Verona COPD trial, ENHANCE-2 for ensifentrine, completes recruitment


Verona Pharma has completed patient enrollment for ENHANCE-2, a Phase 3 clinical trial evaluating the safety and efficacy of ensifentrine, an inhaled treatment for chronic obstructive pulmonary disease (COPD).

According to Verona, the trial exceeded its enrollment goal of 800 participants, even amid the COVID-19 pandemic. The first data is expected later this year.

“The completion of enrollment for the Phase 3 ENHANCE-2 trial with over 800 subjects is a significant achievement for Verona Pharma,” said David Zaccardelli, President and CEO of Verona, in a press release. “We are pleased to have achieved our recruiting goals during the ongoing global pandemic.”

In September 2020, Verona launched the ENHANCE Phase 3 program, which included two trials: ENHANCE-1 (NCT04535986) and ENHANCE-2 (NCT04542057).

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The two studies, ongoing at clinical sites in Europe and the United States, were designed to evaluate the safety and efficacy of a nebulized suspension of ensifentrine as maintenance therapy for patients with moderate COPD. to severe.

In these trials, ensifentrine is given alone or in addition to a bronchodilator – either a long-acting muscarinic antagonist (LAMA) or a long-acting beta-agonist (LABA). It should be noted that bronchodilators are drugs that help relax the muscles surrounding the airways of the lungs, widening them and facilitating airflow through the lungs.

Participants are randomly selected to receive either a nebulized suspension containing 3 mg of ensifentrine or a placebo, given twice daily. ENHANCE-2 lasts for 24 weeks, or just under six months, while patients in ENHANCE-1 receive treatment or placebo for 24 or 48 weeks.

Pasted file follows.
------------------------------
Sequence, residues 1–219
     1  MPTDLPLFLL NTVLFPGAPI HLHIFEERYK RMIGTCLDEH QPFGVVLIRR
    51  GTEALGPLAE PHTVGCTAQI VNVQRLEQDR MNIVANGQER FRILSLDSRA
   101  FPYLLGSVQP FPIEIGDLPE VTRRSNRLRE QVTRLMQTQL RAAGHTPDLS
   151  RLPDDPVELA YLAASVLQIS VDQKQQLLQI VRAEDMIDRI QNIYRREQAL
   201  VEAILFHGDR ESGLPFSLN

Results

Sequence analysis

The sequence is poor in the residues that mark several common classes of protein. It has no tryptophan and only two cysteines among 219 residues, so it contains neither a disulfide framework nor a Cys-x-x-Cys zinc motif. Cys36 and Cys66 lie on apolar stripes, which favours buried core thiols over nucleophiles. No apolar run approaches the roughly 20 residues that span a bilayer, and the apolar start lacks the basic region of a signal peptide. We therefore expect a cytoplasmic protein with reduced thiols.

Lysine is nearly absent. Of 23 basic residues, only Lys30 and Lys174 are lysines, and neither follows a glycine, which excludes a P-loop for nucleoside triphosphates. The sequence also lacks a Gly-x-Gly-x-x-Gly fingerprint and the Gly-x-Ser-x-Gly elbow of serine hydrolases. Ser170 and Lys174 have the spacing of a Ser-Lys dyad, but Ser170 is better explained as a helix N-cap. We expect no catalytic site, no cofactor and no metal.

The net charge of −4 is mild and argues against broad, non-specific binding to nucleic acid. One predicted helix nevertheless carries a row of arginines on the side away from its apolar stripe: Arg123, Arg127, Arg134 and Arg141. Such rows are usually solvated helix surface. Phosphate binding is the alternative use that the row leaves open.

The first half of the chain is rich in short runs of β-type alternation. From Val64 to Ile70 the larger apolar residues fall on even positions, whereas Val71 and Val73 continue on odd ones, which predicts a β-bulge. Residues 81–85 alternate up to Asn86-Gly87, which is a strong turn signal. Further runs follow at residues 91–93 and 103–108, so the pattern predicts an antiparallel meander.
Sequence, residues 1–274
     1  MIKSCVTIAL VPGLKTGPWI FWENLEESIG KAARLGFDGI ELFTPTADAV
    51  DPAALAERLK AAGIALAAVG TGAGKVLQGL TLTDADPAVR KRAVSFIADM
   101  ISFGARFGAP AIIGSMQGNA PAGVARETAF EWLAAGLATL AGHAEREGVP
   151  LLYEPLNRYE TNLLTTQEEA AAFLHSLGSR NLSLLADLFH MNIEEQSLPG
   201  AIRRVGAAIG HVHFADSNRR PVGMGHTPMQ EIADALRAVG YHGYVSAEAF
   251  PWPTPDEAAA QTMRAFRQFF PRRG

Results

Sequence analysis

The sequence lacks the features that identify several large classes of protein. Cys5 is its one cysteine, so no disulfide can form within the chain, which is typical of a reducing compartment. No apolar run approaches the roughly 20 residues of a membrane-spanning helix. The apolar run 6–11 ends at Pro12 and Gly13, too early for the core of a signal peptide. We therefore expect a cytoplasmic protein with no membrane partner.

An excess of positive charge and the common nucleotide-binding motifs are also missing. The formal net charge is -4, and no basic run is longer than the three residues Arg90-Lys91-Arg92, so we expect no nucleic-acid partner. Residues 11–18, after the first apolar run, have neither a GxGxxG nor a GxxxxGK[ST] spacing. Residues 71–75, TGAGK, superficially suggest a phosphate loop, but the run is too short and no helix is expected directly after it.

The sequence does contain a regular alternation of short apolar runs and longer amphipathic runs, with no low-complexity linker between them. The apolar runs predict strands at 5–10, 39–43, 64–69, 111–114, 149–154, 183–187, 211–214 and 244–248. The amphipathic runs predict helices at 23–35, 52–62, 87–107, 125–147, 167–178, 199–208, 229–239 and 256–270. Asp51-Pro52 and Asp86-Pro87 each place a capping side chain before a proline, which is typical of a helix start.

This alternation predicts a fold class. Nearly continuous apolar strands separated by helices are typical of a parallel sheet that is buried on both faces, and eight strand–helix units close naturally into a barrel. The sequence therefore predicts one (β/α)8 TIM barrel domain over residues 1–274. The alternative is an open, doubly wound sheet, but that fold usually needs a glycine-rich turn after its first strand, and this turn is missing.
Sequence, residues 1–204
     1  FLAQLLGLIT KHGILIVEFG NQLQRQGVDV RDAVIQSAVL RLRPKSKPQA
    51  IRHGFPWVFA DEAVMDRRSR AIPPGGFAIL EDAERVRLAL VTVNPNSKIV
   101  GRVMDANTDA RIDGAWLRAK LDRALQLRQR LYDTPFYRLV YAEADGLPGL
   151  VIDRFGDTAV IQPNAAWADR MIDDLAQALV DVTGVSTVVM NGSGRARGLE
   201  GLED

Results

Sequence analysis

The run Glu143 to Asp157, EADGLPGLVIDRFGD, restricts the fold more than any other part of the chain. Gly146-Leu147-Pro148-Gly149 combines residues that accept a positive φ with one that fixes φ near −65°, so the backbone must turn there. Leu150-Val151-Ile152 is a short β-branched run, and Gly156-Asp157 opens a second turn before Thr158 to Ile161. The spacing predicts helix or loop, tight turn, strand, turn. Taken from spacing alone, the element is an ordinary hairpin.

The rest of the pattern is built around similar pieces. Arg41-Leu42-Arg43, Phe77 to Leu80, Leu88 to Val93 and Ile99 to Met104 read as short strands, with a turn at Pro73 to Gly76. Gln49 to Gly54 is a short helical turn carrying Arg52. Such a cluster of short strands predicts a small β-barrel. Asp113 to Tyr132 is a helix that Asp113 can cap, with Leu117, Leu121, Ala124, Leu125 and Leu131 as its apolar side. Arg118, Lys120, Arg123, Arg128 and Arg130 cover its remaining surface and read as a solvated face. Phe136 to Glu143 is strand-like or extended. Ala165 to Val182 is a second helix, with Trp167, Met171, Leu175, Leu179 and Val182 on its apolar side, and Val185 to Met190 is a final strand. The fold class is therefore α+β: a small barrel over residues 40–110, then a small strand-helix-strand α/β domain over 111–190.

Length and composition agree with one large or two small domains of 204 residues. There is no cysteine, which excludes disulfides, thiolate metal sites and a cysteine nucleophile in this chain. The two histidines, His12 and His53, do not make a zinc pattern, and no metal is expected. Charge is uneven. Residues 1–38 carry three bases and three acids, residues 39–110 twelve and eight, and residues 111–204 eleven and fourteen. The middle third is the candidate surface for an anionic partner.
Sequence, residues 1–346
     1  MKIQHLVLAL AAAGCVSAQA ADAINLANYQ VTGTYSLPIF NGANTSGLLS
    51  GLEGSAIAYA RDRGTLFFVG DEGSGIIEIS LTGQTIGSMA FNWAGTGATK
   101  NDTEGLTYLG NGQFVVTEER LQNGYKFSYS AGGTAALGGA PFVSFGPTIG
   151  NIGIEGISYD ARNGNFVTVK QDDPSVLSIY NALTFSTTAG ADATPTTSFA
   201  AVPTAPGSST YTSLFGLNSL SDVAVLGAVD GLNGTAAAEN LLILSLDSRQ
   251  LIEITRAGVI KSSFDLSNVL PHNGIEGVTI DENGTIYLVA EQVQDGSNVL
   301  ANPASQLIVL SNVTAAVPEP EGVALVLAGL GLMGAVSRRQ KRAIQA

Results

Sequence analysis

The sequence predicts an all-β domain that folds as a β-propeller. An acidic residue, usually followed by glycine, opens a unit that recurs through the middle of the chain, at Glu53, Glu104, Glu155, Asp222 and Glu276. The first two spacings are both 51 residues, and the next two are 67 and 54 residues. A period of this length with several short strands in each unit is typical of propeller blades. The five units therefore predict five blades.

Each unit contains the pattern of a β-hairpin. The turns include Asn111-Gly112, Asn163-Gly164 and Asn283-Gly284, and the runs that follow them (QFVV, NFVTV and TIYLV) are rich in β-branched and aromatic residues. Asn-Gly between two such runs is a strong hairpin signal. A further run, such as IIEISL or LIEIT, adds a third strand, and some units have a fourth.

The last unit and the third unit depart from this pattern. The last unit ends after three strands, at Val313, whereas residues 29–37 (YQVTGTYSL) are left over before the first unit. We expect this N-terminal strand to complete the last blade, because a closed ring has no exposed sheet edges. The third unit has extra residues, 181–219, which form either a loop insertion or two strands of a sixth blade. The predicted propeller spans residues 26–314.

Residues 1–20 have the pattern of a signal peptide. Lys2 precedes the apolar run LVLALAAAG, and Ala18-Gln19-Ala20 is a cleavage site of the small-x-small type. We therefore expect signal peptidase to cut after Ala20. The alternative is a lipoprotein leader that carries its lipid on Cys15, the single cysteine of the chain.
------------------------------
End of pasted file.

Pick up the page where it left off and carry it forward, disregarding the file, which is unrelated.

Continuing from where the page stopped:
Registration for the 48-week group of ENHANCE-1 was completed late last year, with approximately 400 participants. For the 24-week group, registration should be complete by June.

The primary objective of the studies is to evaluate the ability of ensifentrine to stimulate lung function in patients, as measured by changes in forced expiratory volume in one second (FEV1) more than 12 hours of drug exposure after 12 weeks (about three months) of treatment.

Secondary objectives include evaluating the ability of therapy to reduce symptom severity and improve patients’ health-related quality of life. Safety measures will also be assessed on the shorter (24 weeks) and longer (48 weeks) regimens.

If the results are positive, Verona said it intends to file a New Drug Application with the U.S. Food and Drug Administration by June 2023, seeking approval of ensifentrine for the COPD treatment.

“We expect to report key data from ENHANCE-2 in the third quarter of 2022 and ENHANCE-1 towards the end of 2022. We look forward to communicating these results and working with regulators to address the urgent need of a new treatment for COPD,” said Zaccardelli.

Ensifentrine is a dual inhibitor of two phosphodiesterase (PDE) enzymes – PDE3 and PDE4 – involved in muscle contraction and inflammation of the airways. The therapy is designed to block the action of these enzymes, which means that ensifentrine acts as a bronchodilator, making it easier for air to enter the lungs. It also acts as an anti-inflammatory agent.

Earlier results from a phase 2b trial (NCT03937479) showed that ensifentrine plus maintenance tiotropium – an LAMA marketed as Spiriva Respimat by Boehringer Ingelheim – significantly improved lung function and the quality of life of COPD patients with impaired lung function and disease symptoms.

Verona is also developing a pressurized metered dose inhaler to deliver ensifentrine. Previous data from a phase 2 trial (NCT04091360) support its potential benefits for patients with moderate to severe COPD.

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